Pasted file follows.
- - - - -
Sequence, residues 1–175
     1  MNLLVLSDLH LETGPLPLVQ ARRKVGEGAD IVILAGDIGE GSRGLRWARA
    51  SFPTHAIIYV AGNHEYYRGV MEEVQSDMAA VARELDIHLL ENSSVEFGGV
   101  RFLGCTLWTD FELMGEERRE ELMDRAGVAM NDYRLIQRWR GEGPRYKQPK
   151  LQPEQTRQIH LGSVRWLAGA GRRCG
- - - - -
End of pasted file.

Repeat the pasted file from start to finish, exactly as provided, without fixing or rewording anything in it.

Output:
Sequence, residues 1–175
     1  MNLLVLSDLH LETGPLPLVQ ARRKVGEGAD IVILAGDIGE GSRGLRWARA
    51  SFPTHAIIYV AGNHEYYRGV MEEVQSDMAA VARELDIHLL ENSSVEFGGV
   101  RFLGCTLWTD FELMGEERRE ELMDRAGVAM NDYRLIQRWR GEGPRYKQPK
   151  LQPEQTRQIH LGSVRWLAGA GRRCG